47767Re: [scrumdevelopment] UX role in Scrum teams
- Jul 27, 2010
On 27/07/2010 23:44, Demetrius Nunes wrote:This makes me very uncomfortable. This sounds like you're being committed to implement features because the customer has already seen the interface.Hi there,Our customer is used to discuss, validate and accept user story definitions based on high fidelity screens and prototypes, which demands the UX people to work ahead of the developers, showing these prototypes to the customer. Only after that, the Product Owner feels comfortable to commit the story to the backlog.Is it acceptable for UX people to work ahead of the developers to prepare and design the user interfaces and interactions of user stories before the actual sprint where these stories will be built, or, ideally, UX should always be working together with the developers on the same stories in the same sprint?The Product Owner feels comfortable working this way, as long as the developers participate thru the whole process and the UX people support the developers during the sprints, but I fear this might be a sub-optimization of the process, although is hard to see it being done any other way, specially because our customer is very attached to the UX quality of the user interfaces.
This also runs contrary to sashimi - there is no vertical slice from a single team. There is no cross-functional behaviour here.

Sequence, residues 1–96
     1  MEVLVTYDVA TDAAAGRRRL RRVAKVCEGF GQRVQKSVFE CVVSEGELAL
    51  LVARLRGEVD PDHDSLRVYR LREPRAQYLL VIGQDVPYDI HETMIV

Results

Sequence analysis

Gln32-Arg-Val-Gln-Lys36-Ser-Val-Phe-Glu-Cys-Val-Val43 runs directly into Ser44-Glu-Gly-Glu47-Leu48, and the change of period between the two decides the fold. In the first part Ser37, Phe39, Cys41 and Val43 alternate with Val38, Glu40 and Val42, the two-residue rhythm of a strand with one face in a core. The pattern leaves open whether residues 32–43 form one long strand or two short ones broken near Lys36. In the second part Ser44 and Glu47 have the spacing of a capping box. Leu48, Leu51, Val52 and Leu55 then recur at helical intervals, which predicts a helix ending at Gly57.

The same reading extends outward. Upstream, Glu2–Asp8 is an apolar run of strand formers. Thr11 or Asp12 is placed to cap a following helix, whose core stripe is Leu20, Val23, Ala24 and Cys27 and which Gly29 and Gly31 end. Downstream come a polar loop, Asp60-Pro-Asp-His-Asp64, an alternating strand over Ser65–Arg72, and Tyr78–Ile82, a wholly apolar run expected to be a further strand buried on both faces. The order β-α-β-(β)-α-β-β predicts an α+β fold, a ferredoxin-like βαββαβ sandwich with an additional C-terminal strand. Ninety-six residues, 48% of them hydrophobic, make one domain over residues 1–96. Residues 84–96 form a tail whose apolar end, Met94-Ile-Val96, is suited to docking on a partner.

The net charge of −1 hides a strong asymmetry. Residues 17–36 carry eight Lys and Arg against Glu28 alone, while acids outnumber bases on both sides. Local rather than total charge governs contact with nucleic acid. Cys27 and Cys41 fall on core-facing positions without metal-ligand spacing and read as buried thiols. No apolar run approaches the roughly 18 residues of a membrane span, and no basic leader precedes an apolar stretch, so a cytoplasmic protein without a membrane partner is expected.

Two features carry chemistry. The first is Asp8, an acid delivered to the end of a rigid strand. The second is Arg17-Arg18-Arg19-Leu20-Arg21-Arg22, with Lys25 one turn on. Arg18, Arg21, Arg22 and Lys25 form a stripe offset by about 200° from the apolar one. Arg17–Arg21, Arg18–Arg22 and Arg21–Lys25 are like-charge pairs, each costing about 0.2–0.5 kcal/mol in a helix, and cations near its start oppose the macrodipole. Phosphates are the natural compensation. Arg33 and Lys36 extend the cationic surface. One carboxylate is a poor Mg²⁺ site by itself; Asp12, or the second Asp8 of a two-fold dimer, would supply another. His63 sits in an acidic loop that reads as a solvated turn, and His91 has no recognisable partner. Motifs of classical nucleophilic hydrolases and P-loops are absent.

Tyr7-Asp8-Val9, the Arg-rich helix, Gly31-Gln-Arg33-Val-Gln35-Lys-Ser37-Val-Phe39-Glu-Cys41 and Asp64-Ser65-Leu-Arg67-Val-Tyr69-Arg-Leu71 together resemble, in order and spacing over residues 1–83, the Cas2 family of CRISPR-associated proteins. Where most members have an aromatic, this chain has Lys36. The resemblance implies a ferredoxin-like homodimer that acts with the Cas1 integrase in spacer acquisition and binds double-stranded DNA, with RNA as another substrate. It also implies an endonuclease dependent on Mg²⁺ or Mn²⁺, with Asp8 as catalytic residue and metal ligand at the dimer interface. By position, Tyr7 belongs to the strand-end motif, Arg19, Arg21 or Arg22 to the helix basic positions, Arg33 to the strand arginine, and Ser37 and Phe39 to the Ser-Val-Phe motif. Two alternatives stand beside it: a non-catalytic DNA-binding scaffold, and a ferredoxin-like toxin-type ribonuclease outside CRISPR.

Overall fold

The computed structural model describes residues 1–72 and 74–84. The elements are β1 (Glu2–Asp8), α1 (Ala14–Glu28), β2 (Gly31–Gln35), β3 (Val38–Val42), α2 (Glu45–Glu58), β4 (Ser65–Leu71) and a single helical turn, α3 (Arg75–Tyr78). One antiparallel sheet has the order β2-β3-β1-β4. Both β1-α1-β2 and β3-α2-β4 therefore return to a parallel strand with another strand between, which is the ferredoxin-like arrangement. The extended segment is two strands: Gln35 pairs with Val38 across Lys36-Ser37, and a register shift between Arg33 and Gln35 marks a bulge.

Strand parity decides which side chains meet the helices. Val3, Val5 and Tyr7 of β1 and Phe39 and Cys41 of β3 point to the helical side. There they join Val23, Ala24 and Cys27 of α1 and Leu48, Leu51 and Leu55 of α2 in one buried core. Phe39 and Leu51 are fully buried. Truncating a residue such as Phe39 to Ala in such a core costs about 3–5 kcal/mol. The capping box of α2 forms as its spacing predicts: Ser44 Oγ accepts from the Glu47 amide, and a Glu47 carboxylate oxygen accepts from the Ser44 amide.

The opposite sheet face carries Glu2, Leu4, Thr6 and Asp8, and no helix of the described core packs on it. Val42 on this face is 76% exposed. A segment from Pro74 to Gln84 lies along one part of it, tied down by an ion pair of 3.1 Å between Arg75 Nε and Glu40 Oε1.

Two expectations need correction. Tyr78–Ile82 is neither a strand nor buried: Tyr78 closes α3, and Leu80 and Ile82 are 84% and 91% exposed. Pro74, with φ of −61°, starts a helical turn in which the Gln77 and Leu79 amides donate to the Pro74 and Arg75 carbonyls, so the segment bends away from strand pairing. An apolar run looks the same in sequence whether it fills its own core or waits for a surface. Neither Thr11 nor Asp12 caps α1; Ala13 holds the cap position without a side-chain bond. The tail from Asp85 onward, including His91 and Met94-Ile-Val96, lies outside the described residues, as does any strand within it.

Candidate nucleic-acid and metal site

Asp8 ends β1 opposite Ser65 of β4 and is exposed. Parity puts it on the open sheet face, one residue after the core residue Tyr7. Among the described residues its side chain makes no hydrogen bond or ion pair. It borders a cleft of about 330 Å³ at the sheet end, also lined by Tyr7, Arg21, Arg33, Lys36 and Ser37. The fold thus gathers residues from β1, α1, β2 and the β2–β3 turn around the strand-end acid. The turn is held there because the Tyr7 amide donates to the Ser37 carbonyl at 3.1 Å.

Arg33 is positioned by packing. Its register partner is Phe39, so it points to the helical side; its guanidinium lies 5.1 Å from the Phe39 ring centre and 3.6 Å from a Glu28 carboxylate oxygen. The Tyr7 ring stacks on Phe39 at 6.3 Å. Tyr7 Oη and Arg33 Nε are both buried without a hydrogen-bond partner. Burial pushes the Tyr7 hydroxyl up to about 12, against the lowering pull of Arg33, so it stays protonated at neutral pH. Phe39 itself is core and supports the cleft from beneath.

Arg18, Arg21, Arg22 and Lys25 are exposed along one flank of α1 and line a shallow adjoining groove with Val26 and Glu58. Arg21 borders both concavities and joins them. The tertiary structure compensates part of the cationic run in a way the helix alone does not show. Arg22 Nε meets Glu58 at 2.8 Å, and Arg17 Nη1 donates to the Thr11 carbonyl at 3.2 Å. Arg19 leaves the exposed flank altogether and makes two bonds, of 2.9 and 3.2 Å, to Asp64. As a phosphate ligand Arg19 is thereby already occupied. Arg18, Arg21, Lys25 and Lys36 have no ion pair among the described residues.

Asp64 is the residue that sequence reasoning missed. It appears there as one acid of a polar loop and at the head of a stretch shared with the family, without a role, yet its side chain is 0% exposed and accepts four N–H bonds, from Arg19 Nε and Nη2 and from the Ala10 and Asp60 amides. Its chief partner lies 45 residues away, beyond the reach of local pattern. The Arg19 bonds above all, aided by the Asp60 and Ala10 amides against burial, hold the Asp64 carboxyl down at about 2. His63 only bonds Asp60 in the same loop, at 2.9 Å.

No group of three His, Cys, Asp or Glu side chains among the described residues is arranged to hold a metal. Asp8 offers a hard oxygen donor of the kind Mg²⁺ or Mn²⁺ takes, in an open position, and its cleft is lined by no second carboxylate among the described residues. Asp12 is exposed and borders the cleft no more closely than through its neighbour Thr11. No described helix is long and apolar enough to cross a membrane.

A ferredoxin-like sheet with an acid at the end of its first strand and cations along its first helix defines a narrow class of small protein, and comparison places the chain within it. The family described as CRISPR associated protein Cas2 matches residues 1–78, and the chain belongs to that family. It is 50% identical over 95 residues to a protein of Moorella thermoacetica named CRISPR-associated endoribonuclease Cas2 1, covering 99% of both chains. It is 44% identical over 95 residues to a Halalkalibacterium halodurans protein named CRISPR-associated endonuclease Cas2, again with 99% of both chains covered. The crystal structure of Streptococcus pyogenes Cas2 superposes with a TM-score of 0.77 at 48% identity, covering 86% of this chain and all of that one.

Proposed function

No, this is not a good analogy.The PO likes to make an analogy with the auto industry, in the sense that there is a product concept, design and prototyping phase of a car (in which manufacturing engineers are also involved), before the actual manufacturing phase, where engineers will then do most of the work figuring out how to build the assembly line for that car. Is this a good analogy?
The prototype of a car may look very different to the final model. Depending on the company, the prototype may be a "blue sky" (I hate that term) model, or a slight variation on an existing model. Regardless, making a prototype and making a model ready for mass production are two different things. Making a model ready for mass production means examining your existing tooling, your existing supplies and suppliers, your existing expertise and your existing markets. I'm struggling to think of a major manufacturer that doesn't also use families of parts (VAG is a brilliant example - Volkswagen, Audi, Skoda all share parts). Anyone who thinks that building a prototype also involves buying brand new assembly line tooling, training workers to use it, and creating brand new families of parts is insane. This happens rarely as it's such a huge risk. Small increments = less risk.
Engineers will look at the existing assembly line to see how the prototype can be altered to make it fit the existing set up - not the other way around.
Have I understood you correctly?
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